Embry-Riddle Board member David O’Maley recalls a time when he was a young man with a passion for aviation and someone helped him finance his flight training.
“He left me with a simple charge. And that was, if you are able at some point in your life, the charge to you, young man, is that you will do things to help other young people achieve their grade and success,” says O’Maley, a nationally prominent insurance executive who recently made a significant gift to support the Daytona Beach Campus’ College of Business.
University leadership, faculty, staff and students turned out to welcome and honor O’Maley and his wife, Karen, at a Nov. 13, 2018, naming ceremony for the David B. O’Maley College of Business.
O’Maley says he intends for his gift to enable the creation of a new generation of aviation business leaders. “We see this gift as a unique and powerful way to leverage aviation and business education into the future,” he says.
With O’Maley’s generous gift, Embry-Riddle will be able to elevate its College of Business — already widely regarded as offering the best aviation business administration program in the world — to even greater heights, says university President P. Barry Butler. He describes the gift as “a key moment for business education at Embry-Riddle that helps us expand the reach and more closely integrate business education into our other areas of focus — engineering and aviation — as we move into the future.”
Catalyst for Change
O’Maley’s gift will lead the university’s effort to advance its business curriculum, which includes developing a robust focus on aviation risk management and insurance, adding an interdisciplinary certificate program for engineers, and devising a combination of certificates and executive education to support preparation of chief pilots for corporations.
Michael Williams, dean of the College of Business, says the O’Maley family’s gift will support breakthroughs in industry operations and safety and manufacturing through transformative ideas and technologies.
“It will allow our students to turn research into new business opportunities, moving their discoveries from our labs into the Micaplex Engineering and Innovation Complex as startups, and then out into the real world,” Williams says.
College of Business student Maddie Dietrich says the O’Maleys’ gift sends a powerful message about the importance of philanthropy. “The O’Maleys’ transformative gift not only impacts the future of Embry-Riddle, but serves as an inspirational example of charitable giving that will influence the way my fellow Eagles and I view the importance of personal philanthropy for the rest of our lives,” Dietrich says.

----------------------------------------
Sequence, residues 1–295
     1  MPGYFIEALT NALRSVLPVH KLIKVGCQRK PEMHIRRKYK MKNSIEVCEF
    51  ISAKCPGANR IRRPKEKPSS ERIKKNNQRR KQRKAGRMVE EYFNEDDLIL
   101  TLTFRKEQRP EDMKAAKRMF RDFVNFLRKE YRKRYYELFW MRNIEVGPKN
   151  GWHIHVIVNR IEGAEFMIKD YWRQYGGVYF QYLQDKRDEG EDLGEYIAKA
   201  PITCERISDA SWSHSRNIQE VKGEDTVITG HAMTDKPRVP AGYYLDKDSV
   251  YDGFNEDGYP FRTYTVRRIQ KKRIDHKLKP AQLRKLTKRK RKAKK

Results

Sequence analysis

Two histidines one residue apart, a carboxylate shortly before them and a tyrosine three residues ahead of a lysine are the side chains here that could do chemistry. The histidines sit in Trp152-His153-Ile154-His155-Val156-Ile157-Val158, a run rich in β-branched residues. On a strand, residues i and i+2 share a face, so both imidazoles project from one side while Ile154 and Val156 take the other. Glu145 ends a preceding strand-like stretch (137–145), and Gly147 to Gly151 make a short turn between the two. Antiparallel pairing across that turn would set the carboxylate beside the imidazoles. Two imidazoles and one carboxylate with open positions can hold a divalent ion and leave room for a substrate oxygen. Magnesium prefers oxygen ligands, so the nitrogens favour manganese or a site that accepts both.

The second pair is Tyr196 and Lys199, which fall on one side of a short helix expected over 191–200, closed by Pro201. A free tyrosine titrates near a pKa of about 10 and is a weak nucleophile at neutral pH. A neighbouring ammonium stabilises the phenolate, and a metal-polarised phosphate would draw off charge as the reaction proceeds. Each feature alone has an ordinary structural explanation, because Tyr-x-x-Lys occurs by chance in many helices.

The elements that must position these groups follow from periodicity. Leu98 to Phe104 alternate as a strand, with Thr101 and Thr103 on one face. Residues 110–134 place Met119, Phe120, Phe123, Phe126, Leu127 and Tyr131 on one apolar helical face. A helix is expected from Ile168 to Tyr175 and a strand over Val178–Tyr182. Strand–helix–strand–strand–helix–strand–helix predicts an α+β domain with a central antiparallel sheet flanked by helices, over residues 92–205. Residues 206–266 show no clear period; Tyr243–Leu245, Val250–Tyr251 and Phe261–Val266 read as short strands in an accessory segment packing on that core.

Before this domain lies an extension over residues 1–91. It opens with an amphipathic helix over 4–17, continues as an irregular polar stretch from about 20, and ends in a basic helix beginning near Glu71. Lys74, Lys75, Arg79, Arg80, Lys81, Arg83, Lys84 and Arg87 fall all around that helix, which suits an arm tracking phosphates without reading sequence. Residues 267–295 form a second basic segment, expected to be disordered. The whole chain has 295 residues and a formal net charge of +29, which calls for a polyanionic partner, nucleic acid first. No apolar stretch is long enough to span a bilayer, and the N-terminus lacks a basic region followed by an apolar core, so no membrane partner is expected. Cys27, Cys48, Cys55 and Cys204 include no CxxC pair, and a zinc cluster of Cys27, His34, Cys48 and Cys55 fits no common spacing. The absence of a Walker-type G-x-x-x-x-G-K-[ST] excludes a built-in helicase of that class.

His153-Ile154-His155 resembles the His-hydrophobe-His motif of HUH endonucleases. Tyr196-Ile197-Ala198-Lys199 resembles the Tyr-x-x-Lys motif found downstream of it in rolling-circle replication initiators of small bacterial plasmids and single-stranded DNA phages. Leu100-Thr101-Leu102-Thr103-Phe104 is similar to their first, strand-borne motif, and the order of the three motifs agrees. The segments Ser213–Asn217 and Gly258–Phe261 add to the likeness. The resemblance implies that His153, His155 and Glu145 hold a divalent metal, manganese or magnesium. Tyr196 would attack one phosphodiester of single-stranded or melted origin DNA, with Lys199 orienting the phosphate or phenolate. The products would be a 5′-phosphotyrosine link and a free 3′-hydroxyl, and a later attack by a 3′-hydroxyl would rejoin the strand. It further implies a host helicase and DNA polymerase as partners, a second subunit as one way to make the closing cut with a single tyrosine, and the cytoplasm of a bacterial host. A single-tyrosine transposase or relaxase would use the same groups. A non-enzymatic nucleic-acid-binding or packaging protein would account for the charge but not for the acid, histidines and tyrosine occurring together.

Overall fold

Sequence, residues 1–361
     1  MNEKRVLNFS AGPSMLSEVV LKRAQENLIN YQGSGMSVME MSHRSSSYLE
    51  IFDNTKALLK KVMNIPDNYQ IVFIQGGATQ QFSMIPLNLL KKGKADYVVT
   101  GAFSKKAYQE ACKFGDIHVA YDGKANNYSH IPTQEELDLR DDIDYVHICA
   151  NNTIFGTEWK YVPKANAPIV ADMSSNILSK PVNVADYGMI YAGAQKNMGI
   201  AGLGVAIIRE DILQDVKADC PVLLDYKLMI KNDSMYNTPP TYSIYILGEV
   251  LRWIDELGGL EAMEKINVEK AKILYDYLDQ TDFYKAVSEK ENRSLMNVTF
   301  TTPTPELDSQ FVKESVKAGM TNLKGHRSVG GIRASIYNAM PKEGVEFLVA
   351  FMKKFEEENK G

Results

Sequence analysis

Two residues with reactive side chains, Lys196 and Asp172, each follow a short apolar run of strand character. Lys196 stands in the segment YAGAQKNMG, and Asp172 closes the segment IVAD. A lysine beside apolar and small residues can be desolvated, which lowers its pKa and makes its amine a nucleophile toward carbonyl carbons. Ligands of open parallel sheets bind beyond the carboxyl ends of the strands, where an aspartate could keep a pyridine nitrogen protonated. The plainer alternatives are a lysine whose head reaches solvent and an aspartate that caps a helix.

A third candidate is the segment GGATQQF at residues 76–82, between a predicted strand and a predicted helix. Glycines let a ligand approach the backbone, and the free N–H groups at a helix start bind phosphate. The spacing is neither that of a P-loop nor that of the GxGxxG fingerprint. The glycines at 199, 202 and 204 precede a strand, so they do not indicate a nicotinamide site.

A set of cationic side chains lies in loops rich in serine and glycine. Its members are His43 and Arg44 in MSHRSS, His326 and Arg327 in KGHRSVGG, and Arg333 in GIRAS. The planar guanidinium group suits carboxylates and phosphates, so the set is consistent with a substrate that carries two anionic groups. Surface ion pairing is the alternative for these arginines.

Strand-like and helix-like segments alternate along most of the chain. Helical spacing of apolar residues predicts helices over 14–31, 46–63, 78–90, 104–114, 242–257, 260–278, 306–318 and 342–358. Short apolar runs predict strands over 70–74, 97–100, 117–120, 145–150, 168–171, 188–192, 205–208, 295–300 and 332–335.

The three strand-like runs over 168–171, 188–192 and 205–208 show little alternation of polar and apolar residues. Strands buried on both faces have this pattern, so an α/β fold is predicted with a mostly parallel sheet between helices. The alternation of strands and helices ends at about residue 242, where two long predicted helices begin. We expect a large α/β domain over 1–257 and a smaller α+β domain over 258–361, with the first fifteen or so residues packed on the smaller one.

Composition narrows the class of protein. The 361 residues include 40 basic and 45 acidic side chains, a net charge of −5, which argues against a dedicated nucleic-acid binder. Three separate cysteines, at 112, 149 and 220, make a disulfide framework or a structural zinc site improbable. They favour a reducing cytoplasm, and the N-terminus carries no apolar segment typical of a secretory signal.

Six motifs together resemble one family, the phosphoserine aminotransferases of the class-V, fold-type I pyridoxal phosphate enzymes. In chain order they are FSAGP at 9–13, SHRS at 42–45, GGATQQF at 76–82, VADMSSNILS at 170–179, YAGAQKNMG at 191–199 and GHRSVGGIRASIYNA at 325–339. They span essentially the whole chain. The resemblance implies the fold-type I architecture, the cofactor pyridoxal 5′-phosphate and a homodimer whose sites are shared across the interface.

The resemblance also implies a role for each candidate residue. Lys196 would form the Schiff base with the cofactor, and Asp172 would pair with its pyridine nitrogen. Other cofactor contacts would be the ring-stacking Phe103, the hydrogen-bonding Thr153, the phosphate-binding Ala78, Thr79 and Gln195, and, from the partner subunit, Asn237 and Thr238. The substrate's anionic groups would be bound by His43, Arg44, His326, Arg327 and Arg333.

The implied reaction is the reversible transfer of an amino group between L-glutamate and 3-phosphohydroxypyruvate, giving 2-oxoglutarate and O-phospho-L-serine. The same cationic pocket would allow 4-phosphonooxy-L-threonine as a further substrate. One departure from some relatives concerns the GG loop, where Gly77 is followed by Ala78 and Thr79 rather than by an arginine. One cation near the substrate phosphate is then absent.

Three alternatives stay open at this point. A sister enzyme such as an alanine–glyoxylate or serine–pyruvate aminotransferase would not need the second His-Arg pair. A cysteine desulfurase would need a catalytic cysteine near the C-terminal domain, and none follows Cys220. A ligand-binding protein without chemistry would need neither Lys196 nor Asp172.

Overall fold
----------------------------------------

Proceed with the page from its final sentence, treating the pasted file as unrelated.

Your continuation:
O’Maley has served on Embry-Riddle’s Board of Trustees since 2014, and is currently a member of the development and finance committees. He is also chair for the board’s committee on business initiatives and was appointed by President Butler to chair a special committee that’s reviewing the strategy and direction of the College of Business.
Leading through Business
A national business leader and innovator, O’Maley is currently lead director on the board of directors for U.S. Bank. O’Maley retired in 2012 from Ohio National Financial Services, a leading provider of competitive individual life and annuity products through more than 40,000 distributors nationwide. Through his leadership as CEO and president, the company grew from $4.1 billion assets under management in 1993 to more than $27 billion in 2010. He was elected chairman emeritus in recognition of his significant accomplishments.
In addition to his passion for business, O’Maley is an active pilot and aviation enthusiast, as well as a founder of the Tri-State Warbird Museum in Batavia, Ohio. The museum is dedicated to honoring America’s rich aviation history and features one of the largest collections of flyable World War II aircraft.
This gift is not the family’s first to Embry-Riddle. In 2013, they established the O’Maley Family Endowed Scholarship Fund to support students at the college.
Embry-Riddle’s College of Business, established in 2003 and with a history dating to 1966, offers a variety of degree programs, from the bachelor’s to the Ph.D. level. Students get not just the textbook knowledge, but also the practical knowledge about what’s going on in the aviation business industry, says Norbert J. Zarb, chair of the department of accounting, economics, finance, and information sciences.
O’Maley says he believes all students, regardless of their program of study, need some grounding in business — so they can become leaders in the industry.
“I’ve always said that nothing happens until somebody … provides some direction and takes the initiative to move things forward,” O’Maley says. “Together, with the outstanding leadership at Embry-Riddle, we can innovate, grow and watch the business college move forward to a dimension it has never seen before.”